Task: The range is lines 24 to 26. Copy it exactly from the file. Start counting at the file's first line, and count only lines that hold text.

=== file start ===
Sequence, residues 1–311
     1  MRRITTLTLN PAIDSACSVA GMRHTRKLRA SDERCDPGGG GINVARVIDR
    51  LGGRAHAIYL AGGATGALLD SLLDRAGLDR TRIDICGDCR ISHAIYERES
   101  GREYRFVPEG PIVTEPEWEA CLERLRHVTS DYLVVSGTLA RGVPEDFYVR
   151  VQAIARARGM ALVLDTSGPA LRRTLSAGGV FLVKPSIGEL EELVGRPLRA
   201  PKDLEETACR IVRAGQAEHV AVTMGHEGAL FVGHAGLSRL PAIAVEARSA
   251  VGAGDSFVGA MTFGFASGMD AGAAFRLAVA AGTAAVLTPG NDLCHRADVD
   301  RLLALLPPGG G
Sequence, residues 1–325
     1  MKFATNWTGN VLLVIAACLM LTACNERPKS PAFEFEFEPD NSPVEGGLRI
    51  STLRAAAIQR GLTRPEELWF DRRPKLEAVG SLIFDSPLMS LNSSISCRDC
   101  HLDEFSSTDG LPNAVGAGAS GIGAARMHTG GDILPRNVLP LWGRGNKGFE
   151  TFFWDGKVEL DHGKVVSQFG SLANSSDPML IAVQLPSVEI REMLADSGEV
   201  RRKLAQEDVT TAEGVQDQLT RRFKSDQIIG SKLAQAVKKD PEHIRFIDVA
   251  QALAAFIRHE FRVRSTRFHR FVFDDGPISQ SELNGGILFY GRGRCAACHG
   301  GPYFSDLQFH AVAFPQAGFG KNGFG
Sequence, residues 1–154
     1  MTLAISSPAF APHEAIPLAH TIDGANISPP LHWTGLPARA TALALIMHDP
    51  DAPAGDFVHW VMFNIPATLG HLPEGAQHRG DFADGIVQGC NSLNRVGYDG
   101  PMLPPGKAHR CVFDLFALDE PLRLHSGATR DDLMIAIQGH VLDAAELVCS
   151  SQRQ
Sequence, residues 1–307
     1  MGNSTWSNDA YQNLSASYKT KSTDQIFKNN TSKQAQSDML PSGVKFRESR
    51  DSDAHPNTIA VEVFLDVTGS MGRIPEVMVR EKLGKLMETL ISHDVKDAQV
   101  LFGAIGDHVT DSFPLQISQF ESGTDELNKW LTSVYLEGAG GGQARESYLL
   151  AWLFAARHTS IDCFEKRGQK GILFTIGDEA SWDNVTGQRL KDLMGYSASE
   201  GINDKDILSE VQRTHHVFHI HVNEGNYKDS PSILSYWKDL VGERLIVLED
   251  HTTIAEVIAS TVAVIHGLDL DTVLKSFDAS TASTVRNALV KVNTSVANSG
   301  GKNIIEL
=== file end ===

    51  DSDAHPNTIA VEVFLDVTGS MGRIPEVMVR EKLGKLMETL ISHDVKDAQV
   101  LFGAIGDHVT DSFPLQISQF ESGTDELNKW LTSVYLEGAG GGQARESYLL
   151  AWLFAARHTS IDCFEKRGQK GILFTIGDEA SWDNVTGQRL KDLMGYSASE